Pike County is a county located in the U.S. state of Illinois. According to the 2010 census, it has a population of 16,430, which is a decrease of 5.5% from 17,384 in 2000. Its county seat is Pittsfield.
Pike County was formed on January 31, 1821 out of Madison County. It was named in honor of Zebulon Pike, leader of the Pike expedition in 1806 to map out the south and west portions of the Louisiana Purchase. Pike served at the Battle of Tippecanoe, and was killed in 1813 in the War of 1812.
Prior to the coming of the first European settler to Pike County, French traders, hunters, and travelers passed through the native forests and prairies. Originally Pike County began on the south junction of the Illinois and Mississippi rivers. The east boundary was the Illinois River north to the Kankakee River to the Indiana State line on north to Wisconsin territorial line and then west to the Mississippi River to the original point at the south end. The first county seat was Cole's Grove, a post town, in what later became Calhoun County. The Gazetteer of Illinois and Missouri, published in 1822, mentioned Chicago as "a village of Pike County" containing 12 or 15 houses and about 60 or 70 inhabitants.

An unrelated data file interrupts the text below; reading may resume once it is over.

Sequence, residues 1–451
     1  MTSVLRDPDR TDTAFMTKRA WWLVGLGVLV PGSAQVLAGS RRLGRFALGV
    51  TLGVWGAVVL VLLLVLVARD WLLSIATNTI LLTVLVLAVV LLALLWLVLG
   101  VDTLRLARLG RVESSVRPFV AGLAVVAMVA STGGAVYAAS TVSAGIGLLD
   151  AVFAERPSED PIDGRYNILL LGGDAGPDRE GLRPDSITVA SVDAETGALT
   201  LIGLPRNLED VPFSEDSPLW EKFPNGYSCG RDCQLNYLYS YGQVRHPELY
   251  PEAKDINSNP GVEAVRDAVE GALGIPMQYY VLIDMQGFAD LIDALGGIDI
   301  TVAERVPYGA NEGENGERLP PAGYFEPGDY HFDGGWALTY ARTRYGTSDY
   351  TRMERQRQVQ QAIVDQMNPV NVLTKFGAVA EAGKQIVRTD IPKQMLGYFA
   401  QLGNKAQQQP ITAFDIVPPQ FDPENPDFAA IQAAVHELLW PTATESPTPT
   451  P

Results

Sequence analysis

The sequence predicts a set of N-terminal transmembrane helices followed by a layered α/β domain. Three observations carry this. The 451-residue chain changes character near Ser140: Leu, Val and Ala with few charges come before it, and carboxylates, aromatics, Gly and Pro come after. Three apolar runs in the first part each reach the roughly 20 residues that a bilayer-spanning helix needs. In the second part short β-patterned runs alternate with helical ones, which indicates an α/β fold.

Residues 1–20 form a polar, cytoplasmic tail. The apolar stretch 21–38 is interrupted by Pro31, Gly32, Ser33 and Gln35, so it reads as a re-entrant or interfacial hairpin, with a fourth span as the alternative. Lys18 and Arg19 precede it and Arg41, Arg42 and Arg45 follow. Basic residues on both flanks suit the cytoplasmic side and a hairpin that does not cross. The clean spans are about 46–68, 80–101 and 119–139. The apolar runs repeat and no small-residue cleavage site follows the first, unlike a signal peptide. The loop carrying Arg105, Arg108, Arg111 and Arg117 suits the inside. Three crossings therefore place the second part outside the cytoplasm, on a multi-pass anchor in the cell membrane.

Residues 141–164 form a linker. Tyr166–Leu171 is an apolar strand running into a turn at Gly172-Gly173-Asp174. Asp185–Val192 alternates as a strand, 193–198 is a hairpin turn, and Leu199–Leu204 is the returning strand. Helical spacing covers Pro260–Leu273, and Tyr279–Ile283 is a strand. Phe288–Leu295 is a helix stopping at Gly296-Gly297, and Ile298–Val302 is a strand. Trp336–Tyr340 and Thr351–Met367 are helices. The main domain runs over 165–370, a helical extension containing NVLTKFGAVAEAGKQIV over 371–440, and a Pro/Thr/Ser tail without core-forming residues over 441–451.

The New Philadelphia Town Site was listed on the National Register of Historic Places in 2005 and designated a National Historic Landmark in 2009. It was the first town founded by an African American before the American Civil War. Frank McWorter was an early free black settler in Pike County. He had invested in land there sight unseen after purchasing the first few members of his family out of slavery. In 1836 he founded the town of New Philadelphia, near Barry, Illinois. He was elected mayor and lived there the rest of his life. With the sale of land, he made enough money to purchase the freedom of his children. After the railroad bypassed the town, its growth slowed and it was eventually abandoned in the 20th century. The town site is now an archaeological dig.